When President Obama signed the Affordable Care Act into law on March 23, 2010, efforts to undermine the law began in earnest. While the media closely followed political and legal efforts to end its existence early, they largely ignored those who sought to make a quick buck off finding a way around the ACA’s various mandates.

In the past five years, I’ve gotten a lot of pitches about products to help employers avoid compliance. “Split the company into multiple parts to get below 50 ... ” “Reimburse your employees who buy their own coverage … ” “Offer a limited medical product that covers 100% preventive benefits …” “See, we don’t have to cover in-patient or outpatient services to get to minimum value ...”

These folks ranged from respectable businesses to snake oil salesmen, all trying to convince us that what they were selling was perfectly legal and legitimate.

I once joked to Chris Harrison, our company’s president and my boss, that the first mistake every one of these companies made was to get on the front page of The Wall Street Journal. While not completely true, what’s interesting is that the signs of a reckoning were there if you watched what was said — and what wasn’t said.

Score settled

This February reminded me of the last 10 minutes of The Godfather and The Godfather Part II. In the last four weeks, Treasury, Labor and Health and Human Services settled their business in a concerted effort through notices, instructions for 1094-C and 1095-C reporting forms, payment and benefit parameters and regulations; to make clear what would be permitted or prohibited when it came to compliance with the law.

Employer reimbursement of individual premiums? Shot in the eye while lying on the masseuse’s table.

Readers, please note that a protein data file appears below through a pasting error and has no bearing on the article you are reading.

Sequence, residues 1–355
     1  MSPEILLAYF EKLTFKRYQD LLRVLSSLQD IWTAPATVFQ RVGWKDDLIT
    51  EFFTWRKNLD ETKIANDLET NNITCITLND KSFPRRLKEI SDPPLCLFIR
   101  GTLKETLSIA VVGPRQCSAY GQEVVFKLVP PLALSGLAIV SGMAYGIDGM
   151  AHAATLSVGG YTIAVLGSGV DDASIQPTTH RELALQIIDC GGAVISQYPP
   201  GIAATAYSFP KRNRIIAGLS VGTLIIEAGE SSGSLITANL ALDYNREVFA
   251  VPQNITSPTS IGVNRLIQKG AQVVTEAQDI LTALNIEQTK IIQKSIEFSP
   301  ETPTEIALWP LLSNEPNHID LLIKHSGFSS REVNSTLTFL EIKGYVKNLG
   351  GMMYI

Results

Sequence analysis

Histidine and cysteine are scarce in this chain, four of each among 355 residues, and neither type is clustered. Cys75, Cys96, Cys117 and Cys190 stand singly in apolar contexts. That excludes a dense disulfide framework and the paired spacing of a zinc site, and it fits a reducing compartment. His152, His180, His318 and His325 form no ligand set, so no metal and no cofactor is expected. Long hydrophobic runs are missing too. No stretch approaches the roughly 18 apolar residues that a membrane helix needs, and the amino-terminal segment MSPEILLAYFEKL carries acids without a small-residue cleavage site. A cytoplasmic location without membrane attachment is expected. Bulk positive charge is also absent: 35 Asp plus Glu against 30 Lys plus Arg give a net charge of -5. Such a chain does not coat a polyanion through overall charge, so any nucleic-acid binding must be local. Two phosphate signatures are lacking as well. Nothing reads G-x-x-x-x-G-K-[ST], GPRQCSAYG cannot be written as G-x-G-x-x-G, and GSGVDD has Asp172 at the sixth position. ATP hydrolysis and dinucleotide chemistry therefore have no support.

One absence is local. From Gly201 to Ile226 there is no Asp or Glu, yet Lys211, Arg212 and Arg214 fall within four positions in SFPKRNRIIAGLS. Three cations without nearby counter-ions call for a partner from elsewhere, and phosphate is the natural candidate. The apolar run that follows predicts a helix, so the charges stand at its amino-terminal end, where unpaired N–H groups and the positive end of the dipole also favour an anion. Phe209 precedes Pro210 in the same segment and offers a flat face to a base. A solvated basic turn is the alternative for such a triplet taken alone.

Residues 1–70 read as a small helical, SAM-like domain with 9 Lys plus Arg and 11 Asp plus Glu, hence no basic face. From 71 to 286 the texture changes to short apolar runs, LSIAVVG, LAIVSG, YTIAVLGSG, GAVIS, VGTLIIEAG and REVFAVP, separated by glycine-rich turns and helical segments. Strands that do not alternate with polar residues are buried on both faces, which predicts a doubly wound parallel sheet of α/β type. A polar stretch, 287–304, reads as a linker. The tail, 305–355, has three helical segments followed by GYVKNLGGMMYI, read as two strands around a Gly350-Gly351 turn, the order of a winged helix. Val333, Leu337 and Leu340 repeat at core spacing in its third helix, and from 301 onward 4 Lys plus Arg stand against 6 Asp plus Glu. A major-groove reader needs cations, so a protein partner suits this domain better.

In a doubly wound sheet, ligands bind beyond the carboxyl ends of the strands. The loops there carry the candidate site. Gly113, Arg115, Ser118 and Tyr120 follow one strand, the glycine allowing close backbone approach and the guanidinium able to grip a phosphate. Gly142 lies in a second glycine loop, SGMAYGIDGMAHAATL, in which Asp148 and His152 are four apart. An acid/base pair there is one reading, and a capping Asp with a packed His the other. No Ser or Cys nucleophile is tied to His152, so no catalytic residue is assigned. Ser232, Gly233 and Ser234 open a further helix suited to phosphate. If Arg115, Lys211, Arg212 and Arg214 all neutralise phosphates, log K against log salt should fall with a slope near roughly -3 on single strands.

Below minimum value plans?Shot in the back while running up the courthouse stairs.

Limited medical plans without hospital or physician services?Trapped in revolving doorway with nowhere to go once the gun was drawn.

Now there’s word that folks are trying to apply health care sharing ministry approaches to group health plans, and start selling products meant to supplement individual policy premiums, built on the premise that the IRS overstepped its authority when it applied parameters for “integration.” These continued attempts leave agents and plan sponsors tempting fate and finding a 4980D horse head in their bed one morning.

The moral of the story is there are no real short cuts around the law. As quickly as these “creative” products are developed, the departments are prepared to respond in kind.

As March begins, I have a funny feeling that someone will be celebrating the law’s fifth anniversary in a dark room and comfortable chair, a glass of scotch in one hand, having sent the message: Don’t mess with the family business again.

Smith is vice president, health & welfare benefits, at Ebenconcepts in Fayetteville, N.C. Reach him at dcsmith@ebenconcepts.com.

Register or login for access to this item and much more

All Employee Benefit Adviser content is archived after seven days.

Community members receive:
  • All recent and archived articles
  • Conference offers and updates
  • A full menu of enewsletter options
  • Web seminars, white papers, ebooks

Don't have an account? Register for Free Unlimited Access